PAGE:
When I was right out of college, I didn’t get any of this.  It took me years to come to this way of thinking about growing net worth, but better late than never :)

My Questions for You

What do you think about the idea that there are plenty of other attributes that can be more important to financial success, beyond intelligence and academic accomplishments?

What factors have truly led you to your biggest financial success?  It doesn’t matter if these are grand accomplishments or modest – you must have done something to reach this success!

On a side note, can you imagine earning $365 per waking hour?  Wouldn’t that be a total game changer?

Comments

  1. says

    I think there’s little relationship between intelligence and financial success. Boldness, being highly personable, persistence, extraordinary talent or size (your athlete examples), being aggressive, and willingness to elevate making money above all else would each be far more related to financial success than smarts. See The Man in the Gray Flannel Suit.

  2. says

    There are brilliant people in low-paying professions. Just because you’re incredibly intelligent does not mean you won’t choose to work as a librarian, for example, which is traditionally low-paying. Are we saying that nurses are not as intelligent as doctors? Nurses make far less than doctors, but I am very thankful that there are many intelligent nurses!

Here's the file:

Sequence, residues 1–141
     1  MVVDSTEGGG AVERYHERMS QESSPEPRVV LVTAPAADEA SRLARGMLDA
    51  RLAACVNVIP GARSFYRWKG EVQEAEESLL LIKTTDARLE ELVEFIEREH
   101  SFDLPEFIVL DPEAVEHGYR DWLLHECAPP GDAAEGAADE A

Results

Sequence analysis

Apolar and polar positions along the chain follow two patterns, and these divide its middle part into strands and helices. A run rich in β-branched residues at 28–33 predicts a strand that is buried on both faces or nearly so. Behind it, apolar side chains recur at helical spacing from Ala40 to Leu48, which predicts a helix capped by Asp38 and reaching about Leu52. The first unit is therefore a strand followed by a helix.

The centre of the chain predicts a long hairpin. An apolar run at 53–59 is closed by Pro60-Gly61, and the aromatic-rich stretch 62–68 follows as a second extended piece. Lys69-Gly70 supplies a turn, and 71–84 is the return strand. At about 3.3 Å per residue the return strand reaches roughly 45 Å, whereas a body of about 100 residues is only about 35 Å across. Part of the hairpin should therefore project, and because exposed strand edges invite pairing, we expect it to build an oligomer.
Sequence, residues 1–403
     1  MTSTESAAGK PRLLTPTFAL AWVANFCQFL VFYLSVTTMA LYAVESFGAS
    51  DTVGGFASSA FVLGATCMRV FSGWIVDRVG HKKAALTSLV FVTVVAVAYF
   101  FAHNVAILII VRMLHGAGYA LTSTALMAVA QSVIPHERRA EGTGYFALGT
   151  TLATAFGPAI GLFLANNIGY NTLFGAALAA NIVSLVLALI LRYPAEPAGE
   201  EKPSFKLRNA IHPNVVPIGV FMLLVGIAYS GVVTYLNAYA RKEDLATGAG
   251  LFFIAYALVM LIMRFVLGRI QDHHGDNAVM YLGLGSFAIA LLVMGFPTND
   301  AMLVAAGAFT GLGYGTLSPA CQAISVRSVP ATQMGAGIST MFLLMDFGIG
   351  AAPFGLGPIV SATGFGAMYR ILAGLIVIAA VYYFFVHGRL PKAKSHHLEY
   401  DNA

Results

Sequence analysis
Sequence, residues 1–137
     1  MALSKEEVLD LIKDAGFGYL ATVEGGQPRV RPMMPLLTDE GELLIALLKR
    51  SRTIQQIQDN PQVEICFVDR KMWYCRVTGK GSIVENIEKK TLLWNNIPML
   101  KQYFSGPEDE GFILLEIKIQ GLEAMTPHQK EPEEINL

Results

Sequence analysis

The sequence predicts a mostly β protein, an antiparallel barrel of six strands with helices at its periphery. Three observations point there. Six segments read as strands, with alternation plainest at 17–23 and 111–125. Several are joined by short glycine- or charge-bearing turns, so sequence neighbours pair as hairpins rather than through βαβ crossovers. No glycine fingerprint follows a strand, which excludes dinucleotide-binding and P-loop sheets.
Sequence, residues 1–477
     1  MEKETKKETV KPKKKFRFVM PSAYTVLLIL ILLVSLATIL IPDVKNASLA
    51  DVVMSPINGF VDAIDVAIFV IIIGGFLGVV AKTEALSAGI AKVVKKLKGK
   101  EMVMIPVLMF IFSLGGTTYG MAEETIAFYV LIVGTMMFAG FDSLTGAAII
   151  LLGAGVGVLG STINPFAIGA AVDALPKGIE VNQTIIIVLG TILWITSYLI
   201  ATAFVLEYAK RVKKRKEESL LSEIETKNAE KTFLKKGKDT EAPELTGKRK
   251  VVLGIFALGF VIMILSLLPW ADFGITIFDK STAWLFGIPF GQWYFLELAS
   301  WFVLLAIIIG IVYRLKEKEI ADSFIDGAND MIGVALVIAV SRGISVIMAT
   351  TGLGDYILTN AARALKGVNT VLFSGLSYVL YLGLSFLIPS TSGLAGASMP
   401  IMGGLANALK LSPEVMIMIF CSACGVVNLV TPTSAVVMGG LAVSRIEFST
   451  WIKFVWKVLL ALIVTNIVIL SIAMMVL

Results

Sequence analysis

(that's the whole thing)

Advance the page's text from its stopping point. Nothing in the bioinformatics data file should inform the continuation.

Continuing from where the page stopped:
3. says

    Mrs. Warrior came from a well off family. Me, not so much. What took some time for her to realize is the difference between hard workers, smart workers and those that are both.

    I think those that fall into either hard or smart categories often think the opposite category deserves more than they work for. The ones who fall into both categories or those that are applying both practices often succeed more often and faster.

    My point being that, yes, it does take a lot of different attributes to increase the supply of income. No perfect recipe, but a lot of attributes ends up bringing better odds of success.

    The Warrior
    NetWorthWarrior.com

    • Squirrelers says

      You make a good point, it takes different attributes. And however the attributes are mixed, a preponderance of positive attributes can help our odds of success.

  4. says

    I don’t know if you have read Thomas J Stanley’s – The Millionaire Next Door…there is a whole chapter dedicated to intelligence and wealth. Short of it, there is very little correlation thank God! Infact he points out, from his sample and millionaires he interviewd, C-students are more likely to make the millionaire cut than A students. I guess they work harder, have more grit and certianly have a point to prove.
    To borrow from Warren Buffet, “We don’t have to be smarter than the rest. We have to be more disciplined than the rest.”